Whether you turn to the right or to the left,

your ears will hear a voice behind you, saying,

“This is the way; walk in it.”

Isaiah 30:21

The pots and pans...

Stay awake today.

There is no such thing as an ordinary moment.

Despite our labeling of parts of our day as boring, repetitive or meaningless, every single moment is God-saturated.

So wake up.

And stay awake.

When you turn toward a task you consider boring, say - washing some pots and pans - remember the wise words of the ancient mystic Teresa of Avila, who said:

"God walks among the pots and pans."

And as you scrub, you can even say to God,

"Speak Lord, for your servant is listening."

Or,

"Hello God, I am glad to be with you in this moment."

Or,

"Show me your beauty today."

Or even,

"Thank you that I am blessed enough to have pots and pans."

Just don't miss the moment.

Don't miss God.

For God walks among the pots and pans, however clean or dirty.

So stay awake.

Perfect, but not quite perfect ...

When my kiddos were little they had a piano teacher who was originally from Poland. Communist Poland.

She was intense.

WAY too intense to be teaching my children how to play the piano.

For awhile, I didn't realize this was a bad fit. We had never had a piano teacher before and I just kind of thought maybe it was all supposed to be this intense.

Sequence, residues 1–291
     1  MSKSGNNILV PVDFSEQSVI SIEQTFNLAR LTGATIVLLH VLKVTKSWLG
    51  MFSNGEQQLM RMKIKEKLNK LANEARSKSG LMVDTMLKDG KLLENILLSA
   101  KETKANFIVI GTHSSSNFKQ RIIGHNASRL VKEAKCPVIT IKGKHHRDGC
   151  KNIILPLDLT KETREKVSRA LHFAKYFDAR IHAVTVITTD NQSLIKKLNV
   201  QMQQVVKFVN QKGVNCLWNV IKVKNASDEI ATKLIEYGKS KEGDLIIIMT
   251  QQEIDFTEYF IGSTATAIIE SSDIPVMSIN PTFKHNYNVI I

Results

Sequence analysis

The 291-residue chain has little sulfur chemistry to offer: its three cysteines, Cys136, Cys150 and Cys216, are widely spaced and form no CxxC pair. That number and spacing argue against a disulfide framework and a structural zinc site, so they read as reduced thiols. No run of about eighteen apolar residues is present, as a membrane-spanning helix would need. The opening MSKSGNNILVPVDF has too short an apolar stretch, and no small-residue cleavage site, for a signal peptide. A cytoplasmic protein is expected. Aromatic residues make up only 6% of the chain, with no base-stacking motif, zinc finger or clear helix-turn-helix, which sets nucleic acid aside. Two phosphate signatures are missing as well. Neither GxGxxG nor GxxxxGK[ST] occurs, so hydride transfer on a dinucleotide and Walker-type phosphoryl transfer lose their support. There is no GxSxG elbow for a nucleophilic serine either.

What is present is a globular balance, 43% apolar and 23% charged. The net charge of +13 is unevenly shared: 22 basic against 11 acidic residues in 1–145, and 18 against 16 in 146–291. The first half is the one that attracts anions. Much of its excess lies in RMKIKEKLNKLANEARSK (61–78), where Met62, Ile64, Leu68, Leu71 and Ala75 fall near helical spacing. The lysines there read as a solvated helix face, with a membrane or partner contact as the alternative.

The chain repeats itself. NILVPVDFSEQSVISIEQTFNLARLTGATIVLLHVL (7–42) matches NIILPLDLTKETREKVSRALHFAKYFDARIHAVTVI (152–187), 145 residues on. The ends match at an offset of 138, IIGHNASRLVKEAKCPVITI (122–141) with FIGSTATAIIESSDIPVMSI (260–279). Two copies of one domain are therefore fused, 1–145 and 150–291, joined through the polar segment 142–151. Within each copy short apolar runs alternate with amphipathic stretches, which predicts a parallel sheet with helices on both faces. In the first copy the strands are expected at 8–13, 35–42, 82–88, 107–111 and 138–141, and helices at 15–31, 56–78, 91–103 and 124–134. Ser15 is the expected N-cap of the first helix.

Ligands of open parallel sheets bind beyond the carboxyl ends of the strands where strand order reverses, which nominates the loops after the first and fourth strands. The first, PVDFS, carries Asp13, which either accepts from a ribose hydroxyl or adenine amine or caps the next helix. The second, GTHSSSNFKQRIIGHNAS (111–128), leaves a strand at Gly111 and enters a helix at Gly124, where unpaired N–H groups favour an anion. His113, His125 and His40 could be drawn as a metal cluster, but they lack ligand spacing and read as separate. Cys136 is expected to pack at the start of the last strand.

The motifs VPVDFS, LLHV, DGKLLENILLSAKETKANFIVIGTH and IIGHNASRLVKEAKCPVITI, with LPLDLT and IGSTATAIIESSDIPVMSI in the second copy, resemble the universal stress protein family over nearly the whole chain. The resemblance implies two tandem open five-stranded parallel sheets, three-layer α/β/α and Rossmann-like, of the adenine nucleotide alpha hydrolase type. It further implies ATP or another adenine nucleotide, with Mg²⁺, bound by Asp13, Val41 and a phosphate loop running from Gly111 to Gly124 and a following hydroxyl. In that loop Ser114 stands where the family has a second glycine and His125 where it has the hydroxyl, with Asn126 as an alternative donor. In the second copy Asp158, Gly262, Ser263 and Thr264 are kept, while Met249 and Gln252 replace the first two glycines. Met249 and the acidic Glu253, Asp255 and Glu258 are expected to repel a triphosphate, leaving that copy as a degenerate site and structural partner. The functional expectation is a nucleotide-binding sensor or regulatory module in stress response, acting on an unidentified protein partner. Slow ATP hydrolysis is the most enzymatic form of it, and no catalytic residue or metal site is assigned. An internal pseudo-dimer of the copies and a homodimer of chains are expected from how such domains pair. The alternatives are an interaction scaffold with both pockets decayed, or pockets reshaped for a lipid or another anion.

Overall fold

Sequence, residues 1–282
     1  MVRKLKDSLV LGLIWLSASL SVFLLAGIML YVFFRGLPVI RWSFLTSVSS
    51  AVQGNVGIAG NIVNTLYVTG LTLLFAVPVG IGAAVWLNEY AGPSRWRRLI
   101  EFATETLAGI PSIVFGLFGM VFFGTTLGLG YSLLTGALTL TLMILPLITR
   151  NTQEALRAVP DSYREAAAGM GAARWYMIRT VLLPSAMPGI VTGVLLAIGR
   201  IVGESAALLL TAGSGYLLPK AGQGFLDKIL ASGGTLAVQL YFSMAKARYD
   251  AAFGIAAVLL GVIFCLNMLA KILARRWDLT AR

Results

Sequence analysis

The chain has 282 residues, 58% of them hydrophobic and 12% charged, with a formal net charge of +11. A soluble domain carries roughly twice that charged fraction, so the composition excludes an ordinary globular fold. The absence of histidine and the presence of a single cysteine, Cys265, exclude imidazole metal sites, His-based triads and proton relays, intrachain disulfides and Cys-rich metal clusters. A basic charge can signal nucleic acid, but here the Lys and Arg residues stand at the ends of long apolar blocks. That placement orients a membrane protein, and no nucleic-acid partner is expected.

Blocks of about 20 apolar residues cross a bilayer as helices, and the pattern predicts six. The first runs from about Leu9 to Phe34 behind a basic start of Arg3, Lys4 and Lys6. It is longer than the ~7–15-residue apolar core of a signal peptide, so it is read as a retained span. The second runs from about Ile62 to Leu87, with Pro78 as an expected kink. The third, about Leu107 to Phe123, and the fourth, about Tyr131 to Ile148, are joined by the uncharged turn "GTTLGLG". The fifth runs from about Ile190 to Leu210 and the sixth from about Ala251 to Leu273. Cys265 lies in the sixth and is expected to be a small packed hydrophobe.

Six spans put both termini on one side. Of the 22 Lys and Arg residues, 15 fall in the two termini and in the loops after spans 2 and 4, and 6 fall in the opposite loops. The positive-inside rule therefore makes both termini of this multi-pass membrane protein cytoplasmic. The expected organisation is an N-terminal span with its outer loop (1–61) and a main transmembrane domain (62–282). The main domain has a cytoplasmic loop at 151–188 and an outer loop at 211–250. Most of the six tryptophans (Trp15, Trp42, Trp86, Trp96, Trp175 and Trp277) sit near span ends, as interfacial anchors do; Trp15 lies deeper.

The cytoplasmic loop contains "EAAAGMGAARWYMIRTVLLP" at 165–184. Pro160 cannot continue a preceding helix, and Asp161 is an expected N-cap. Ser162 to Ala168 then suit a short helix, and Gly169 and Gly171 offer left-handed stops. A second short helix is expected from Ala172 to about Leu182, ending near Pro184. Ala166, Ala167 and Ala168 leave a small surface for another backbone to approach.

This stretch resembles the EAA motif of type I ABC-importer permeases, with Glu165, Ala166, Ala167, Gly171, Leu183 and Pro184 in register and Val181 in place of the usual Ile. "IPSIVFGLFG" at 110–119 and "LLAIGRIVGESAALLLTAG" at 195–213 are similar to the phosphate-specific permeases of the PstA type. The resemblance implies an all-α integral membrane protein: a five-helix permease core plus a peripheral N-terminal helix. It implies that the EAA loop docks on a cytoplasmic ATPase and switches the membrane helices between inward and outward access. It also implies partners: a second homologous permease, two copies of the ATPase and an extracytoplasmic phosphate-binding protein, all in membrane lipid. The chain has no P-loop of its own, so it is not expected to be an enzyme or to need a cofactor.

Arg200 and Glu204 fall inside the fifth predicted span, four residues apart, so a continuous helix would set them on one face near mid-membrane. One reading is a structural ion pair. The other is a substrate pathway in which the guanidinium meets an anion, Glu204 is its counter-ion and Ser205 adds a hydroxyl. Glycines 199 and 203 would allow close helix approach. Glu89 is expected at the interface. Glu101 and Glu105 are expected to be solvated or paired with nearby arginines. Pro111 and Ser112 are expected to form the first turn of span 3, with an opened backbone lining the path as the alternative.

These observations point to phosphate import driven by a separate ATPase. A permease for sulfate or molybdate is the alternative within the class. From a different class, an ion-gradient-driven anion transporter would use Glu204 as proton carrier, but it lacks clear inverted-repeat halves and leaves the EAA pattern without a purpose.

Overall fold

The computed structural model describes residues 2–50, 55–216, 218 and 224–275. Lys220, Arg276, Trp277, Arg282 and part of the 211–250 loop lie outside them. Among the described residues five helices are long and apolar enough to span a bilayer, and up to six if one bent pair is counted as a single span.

Until one day, my middle daughter, who was beautiful, socially self-conscious and pretty intense herself, played a little piece she had memorized for her teacher. It was lovely. A little wooden, and perhaps played with a tinge of fear, but lovely nonetheless.

Ms. Intense Piano Teacher said to my somewhat fragile child:

"You played that perfect ... but not quite perfect (imagine a Russian accent here). Therefore, I will give you a gold star on your sheet of music, but I will Ri-i-i-p one of its arms off to make you remember that you played it perfect, but not quite perfect."

The next day, I fired Ms. Intense Piano Teacher.

But her phrase, "perfect, but not quite perfect" has remained in our family through the years, and we are able to laugh at it now.

But there is a lot of junk underneath and within and around that phrase.

So many of us see our lives this way - Perfect, but not quite perfect. And that last part - not quite perfect - detracts from our joy, our wonder at things, and our satisfaction in a job (pretty) well done.

So, here's a humorous little example of this:

Yesterday, I wrote a pretty serious post about finding God in the ordinary.

Lovely writing about a lovely moment in my life.

And I edited it, or so I thought.

And then I posted it! Out there for all the world (well, maybe 47 people) to see.

And in it, there was this hilarious mistake ...

I meant to write: "I felt the wind ON my cheeks..."

and instead wrote:

"I felt the wind OF my cheeks ..."